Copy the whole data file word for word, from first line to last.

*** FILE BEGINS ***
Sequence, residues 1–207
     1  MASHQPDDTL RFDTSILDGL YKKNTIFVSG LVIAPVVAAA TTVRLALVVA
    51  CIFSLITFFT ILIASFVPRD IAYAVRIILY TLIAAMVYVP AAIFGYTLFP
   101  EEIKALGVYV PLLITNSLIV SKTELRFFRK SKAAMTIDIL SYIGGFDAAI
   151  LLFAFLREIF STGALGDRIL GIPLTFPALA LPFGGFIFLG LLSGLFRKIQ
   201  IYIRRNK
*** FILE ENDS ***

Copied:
Sequence, residues 1–207
     1  MASHQPDDTL RFDTSILDGL YKKNTIFVSG LVIAPVVAAA TTVRLALVVA
    51  CIFSLITFFT ILIASFVPRD IAYAVRIILY TLIAAMVYVP AAIFGYTLFP
   101  EEIKALGVYV PLLITNSLIV SKTELRFFRK SKAAMTIDIL SYIGGFDAAI
   151  LLFAFLREIF STGALGDRIL GIPLTFPALA LPFGGFIFLG LLSGLFRKIQ
   201  IYIRRNK